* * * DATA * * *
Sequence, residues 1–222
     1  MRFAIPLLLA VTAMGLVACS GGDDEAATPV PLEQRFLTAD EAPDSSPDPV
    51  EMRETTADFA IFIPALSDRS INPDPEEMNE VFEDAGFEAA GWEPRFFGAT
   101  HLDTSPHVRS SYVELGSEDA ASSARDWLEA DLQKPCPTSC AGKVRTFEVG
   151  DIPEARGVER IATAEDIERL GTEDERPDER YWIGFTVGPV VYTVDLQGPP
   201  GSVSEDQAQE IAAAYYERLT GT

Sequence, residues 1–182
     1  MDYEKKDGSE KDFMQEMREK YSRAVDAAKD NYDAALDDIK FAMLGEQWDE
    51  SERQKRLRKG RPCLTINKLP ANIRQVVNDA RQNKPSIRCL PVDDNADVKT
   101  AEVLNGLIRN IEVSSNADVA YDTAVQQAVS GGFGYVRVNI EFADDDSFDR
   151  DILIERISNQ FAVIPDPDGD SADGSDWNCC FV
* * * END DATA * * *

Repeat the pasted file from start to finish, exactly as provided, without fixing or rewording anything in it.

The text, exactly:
Sequence, residues 1–222
     1  MRFAIPLLLA VTAMGLVACS GGDDEAATPV PLEQRFLTAD EAPDSSPDPV
    51  EMRETTADFA IFIPALSDRS INPDPEEMNE VFEDAGFEAA GWEPRFFGAT
   101  HLDTSPHVRS SYVELGSEDA ASSARDWLEA DLQKPCPTSC AGKVRTFEVG
   151  DIPEARGVER IATAEDIERL GTEDERPDER YWIGFTVGPV VYTVDLQGPP
   201  GSVSEDQAQE IAAAYYERLT GT

Sequence, residues 1–182
     1  MDYEKKDGSE KDFMQEMREK YSRAVDAAKD NYDAALDDIK FAMLGEQWDE
    51  SERQKRLRKG RPCLTINKLP ANIRQVVNDA RQNKPSIRCL PVDDNADVKT
   101  AEVLNGLIRN IEVSSNADVA YDTAVQQAVS GGFGYVRVNI EFADDDSFDR
   151  DILIERISNQ FAVIPDPDGD SADGSDWNCC FV